reader interest only for those interested to
some degree in sports. In comparison with
other sports pages the Emerald’s sports de
partment was just as superior in reader inter
est as the rest of the paper.
Even editorials, which nationally attract
only one out of every four readers, found
three out of every eight Emerald readers.
All in all, the Emerald came off very
favorably in comparison to what might have
been expected from national) figures. Not
only are more Emerald readers reading the
Emerald, but they are reading more of it. Any
newspaper which finds itself this close to its
readers cannot be doing such a bad job, al
though of course no job was ever done which
could not be bettered.
Especially gratifying to their originators
was the reception afforded the new nameplate
and the five-column format, which seems to
have won acceptance on their own merit, by
an easy two-to-one score.
* * #
j^ESULTS of the survey are both informa
tive and heartening, coming as they do
so close to the announcement that the Em
erald had made it three years in a row in All
American ranks. A newspaper could be All
American technically, could be a newspaper
man’s newspaper, but if it did not reach its
readers its job would be only half done.
Surveys are accomplishing wonders these
days, and newspapers are the first to feel
their effect. The Emerald is a ease in point,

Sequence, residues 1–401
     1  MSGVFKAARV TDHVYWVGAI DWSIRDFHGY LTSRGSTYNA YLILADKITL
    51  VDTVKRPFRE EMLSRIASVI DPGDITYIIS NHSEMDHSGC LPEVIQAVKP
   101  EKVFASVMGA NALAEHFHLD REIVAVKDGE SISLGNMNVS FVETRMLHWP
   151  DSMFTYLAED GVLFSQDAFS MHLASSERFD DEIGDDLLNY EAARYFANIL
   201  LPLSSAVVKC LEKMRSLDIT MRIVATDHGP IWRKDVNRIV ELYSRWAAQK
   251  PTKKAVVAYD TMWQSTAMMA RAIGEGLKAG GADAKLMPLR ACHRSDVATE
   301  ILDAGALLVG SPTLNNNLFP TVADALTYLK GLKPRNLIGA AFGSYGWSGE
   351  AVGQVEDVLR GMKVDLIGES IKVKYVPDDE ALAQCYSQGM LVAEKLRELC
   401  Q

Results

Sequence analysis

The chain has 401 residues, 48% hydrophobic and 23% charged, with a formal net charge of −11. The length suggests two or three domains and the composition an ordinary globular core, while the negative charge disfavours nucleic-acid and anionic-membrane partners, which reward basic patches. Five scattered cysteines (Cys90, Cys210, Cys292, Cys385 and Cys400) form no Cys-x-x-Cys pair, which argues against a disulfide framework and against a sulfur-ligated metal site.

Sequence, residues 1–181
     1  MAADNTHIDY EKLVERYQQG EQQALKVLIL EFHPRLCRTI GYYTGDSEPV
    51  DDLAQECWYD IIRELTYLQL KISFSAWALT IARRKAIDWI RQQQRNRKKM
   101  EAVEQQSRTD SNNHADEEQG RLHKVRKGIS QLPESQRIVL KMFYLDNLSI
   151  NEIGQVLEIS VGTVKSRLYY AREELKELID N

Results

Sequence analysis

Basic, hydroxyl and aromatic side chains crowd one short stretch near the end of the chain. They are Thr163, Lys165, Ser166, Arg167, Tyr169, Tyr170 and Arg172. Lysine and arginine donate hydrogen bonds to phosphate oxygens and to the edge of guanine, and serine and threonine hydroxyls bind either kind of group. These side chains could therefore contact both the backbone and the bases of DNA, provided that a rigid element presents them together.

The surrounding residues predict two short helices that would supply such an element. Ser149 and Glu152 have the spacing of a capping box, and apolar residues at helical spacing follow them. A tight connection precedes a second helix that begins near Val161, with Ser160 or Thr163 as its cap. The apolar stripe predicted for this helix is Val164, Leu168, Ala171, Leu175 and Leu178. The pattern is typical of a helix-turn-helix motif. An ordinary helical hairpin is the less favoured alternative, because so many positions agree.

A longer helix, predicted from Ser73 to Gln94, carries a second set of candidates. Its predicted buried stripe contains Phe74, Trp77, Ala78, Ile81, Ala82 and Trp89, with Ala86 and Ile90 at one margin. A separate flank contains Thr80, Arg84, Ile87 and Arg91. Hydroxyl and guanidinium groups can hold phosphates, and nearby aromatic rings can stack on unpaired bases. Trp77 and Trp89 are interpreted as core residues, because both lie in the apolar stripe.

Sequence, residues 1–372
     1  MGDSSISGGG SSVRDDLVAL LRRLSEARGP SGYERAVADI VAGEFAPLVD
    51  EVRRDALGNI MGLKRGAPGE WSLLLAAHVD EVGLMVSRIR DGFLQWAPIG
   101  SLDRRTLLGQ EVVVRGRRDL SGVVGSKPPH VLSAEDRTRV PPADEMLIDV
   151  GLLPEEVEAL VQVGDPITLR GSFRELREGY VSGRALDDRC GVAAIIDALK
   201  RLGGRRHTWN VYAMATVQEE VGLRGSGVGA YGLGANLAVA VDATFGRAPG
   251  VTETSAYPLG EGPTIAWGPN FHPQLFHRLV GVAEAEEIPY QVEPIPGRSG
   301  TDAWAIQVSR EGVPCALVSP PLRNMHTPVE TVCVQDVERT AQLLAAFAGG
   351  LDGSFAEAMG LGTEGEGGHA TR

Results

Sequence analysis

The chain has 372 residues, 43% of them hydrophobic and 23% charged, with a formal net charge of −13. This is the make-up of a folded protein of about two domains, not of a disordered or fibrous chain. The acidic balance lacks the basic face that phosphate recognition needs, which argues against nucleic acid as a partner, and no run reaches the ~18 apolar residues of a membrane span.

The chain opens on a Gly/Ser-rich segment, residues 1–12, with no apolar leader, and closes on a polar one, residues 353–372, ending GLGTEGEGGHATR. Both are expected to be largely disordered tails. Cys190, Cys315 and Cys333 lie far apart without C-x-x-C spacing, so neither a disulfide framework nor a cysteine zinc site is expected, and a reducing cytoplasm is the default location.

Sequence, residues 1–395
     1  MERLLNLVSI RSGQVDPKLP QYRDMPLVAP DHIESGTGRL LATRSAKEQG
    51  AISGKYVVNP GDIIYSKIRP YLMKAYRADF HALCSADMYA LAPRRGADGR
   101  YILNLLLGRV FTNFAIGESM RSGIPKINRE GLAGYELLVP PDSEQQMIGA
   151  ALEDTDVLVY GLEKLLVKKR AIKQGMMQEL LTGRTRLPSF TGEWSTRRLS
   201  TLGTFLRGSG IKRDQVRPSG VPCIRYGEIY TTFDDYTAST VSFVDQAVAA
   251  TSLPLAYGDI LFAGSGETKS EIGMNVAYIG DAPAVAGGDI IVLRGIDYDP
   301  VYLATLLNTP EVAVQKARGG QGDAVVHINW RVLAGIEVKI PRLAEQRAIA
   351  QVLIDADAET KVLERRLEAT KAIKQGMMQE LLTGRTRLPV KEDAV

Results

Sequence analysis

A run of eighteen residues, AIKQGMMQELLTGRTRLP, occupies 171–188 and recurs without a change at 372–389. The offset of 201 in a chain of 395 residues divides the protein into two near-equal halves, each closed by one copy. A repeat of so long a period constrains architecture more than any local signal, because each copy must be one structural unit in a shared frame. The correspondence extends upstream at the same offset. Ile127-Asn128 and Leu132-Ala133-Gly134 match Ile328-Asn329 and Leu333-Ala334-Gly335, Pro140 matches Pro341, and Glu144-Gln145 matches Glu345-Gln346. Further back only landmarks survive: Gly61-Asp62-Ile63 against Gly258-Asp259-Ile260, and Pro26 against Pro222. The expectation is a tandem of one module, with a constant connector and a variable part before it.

for these are the first quantitative, direct sta
tistics about Emerald readers in some years.
Conclusions drawn from this particular sur
vey, which was conducted by tested, reliable
methods, will affect the Emerald no little both
this year and next, to the benefit of reader
and newspaper.
In view of both the Emerald’s recently
won All-American status and the unusually
high percentages found by the survey, it
would seem a logical conclusion that the Em
erald is a high-grade newspaper for high
grade readers.
No Monkey Business
Shaw’s Really Back
Now that Artie (the music
business stinks) Shaw is back in
the fold, the RCA Record com
pany is showering the fair
haired boy with enough public
ity to make a musician out of a
monkey. (Or visa versa). Public
ity agents are flooding the coun
try with pertinent information on
the “new, the more versatile, the
more brilliant Shaw.” Artie’s two
new recordings, “Frenesi" and
“Adios, Mariquita Linda” are be
ing featured in all music stores
in a special display along with a
handsome picture of the maestro.
Everything looks like smooth